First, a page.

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Today marks Juneteenth, a celebration of the end of state-sanctioned slavery in the United States 155 years ago. The date has been an occasion for celebration but also for introspection and education about the horrid realities of slavery that seem far removed from the present day, but still influence societies in different parts of the world gravely.

According to the database project Slavevoyages.com, almost 11 million Africans were enslaved during the trans-Atlantic slave trade between 1514 and 1866. While only 300,000 arrived in the U.S. directly, more came to the present-day U.S. via the intra-American slave trade. It is estimated that 4.5 million enslaved Africans arrived in the Caribbean while another 3.2 million disembarked in present-day Brazil. In total, 20 million Africans were forced to leave their continent during the times of the trans-Atlantic slave trade, the trans-Saharan, the red sea and the Indian slave trade.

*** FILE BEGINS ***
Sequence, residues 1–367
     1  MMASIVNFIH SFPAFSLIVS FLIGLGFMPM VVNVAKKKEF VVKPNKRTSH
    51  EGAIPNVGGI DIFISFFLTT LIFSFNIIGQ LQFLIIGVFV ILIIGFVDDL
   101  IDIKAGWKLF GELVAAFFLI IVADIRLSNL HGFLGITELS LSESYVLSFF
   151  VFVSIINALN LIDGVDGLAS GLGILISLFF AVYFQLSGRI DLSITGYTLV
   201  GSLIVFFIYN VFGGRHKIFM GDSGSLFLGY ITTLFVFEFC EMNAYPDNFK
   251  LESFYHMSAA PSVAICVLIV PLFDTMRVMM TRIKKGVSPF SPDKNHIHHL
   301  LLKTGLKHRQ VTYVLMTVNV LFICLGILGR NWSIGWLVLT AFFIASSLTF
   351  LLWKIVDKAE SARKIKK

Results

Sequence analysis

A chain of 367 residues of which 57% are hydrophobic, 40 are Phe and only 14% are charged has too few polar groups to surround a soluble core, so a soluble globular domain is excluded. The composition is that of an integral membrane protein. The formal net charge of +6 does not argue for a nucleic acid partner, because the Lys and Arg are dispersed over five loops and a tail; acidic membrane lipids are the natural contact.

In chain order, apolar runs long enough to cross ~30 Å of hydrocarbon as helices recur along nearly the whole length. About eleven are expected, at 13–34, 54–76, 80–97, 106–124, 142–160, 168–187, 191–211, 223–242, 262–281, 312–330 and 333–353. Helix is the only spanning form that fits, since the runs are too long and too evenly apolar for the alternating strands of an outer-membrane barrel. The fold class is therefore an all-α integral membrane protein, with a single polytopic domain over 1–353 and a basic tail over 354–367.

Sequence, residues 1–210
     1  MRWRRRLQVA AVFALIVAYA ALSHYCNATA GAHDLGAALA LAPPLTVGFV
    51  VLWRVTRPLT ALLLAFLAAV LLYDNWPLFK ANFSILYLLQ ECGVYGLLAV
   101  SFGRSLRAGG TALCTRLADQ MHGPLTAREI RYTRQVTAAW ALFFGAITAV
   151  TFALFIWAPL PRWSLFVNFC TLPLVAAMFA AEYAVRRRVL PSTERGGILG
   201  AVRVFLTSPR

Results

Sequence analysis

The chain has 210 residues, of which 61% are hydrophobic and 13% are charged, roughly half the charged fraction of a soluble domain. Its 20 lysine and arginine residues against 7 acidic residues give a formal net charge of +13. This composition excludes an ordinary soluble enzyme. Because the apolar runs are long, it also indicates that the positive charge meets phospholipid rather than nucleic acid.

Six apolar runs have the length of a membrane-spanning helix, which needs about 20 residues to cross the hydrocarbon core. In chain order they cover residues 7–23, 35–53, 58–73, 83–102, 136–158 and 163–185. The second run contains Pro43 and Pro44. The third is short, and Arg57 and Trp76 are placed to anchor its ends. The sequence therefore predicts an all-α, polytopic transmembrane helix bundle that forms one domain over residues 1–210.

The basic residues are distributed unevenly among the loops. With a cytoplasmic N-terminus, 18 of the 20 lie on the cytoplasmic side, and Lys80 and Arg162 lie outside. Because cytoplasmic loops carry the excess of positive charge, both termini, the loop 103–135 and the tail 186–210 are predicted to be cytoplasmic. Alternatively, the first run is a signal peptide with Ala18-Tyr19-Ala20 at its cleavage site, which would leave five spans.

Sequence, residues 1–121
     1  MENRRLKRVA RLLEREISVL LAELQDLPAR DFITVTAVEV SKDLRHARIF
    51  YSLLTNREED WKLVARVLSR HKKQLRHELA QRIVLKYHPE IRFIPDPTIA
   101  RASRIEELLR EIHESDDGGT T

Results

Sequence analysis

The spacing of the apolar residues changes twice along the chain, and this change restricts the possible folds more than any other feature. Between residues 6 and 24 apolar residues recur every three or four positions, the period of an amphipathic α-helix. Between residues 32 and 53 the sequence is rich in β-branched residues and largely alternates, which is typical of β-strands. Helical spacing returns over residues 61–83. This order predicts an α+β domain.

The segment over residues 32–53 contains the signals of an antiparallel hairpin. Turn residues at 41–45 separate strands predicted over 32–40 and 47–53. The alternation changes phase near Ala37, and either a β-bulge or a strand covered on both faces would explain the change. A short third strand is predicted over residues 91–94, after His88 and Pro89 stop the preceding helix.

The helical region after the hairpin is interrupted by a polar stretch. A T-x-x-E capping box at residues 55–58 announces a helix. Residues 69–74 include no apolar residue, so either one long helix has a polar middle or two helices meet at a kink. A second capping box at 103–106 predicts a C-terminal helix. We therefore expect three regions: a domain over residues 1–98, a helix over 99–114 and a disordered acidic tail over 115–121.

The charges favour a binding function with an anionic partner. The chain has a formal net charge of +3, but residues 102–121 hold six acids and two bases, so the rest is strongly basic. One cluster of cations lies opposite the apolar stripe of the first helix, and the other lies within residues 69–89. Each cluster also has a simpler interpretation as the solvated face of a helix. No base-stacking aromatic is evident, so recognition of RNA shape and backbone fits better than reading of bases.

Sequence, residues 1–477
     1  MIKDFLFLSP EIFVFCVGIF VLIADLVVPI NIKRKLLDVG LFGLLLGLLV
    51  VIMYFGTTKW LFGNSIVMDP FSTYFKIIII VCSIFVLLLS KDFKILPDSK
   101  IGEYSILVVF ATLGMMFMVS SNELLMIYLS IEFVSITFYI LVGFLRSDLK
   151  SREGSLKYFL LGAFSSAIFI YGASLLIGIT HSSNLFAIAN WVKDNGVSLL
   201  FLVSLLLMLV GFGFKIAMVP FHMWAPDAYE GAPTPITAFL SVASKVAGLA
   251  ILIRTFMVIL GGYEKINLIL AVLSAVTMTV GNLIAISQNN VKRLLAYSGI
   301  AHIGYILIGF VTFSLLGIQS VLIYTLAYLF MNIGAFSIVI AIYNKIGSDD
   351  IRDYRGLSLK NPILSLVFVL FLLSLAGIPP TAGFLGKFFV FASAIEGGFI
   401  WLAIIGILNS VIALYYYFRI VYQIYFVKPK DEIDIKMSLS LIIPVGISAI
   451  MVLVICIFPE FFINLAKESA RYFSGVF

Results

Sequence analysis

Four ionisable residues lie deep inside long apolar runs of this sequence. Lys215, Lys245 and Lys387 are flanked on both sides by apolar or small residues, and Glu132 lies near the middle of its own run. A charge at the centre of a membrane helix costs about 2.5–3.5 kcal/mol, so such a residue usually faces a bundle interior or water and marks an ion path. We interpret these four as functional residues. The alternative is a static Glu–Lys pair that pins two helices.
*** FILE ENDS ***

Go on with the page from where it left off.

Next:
The most active European nation in the trans-Atlantic slave trade was Portugal, which used the forced labor of Africans in their Latin American colonies in present-day Brazil. Almost 3.9 million enslaved Africans were forced to embark on Portuguese ships. Present-day Brazil received around 3.2 of them, making it the country in the Americas where most enslaved people arrived during the period. British ships also carried upwards of 3 million Africans forcefully removed from the continent, mostly to the Caribbean, the United States and the Guyanas. French ships carried 1.3 million enslaved Africans.

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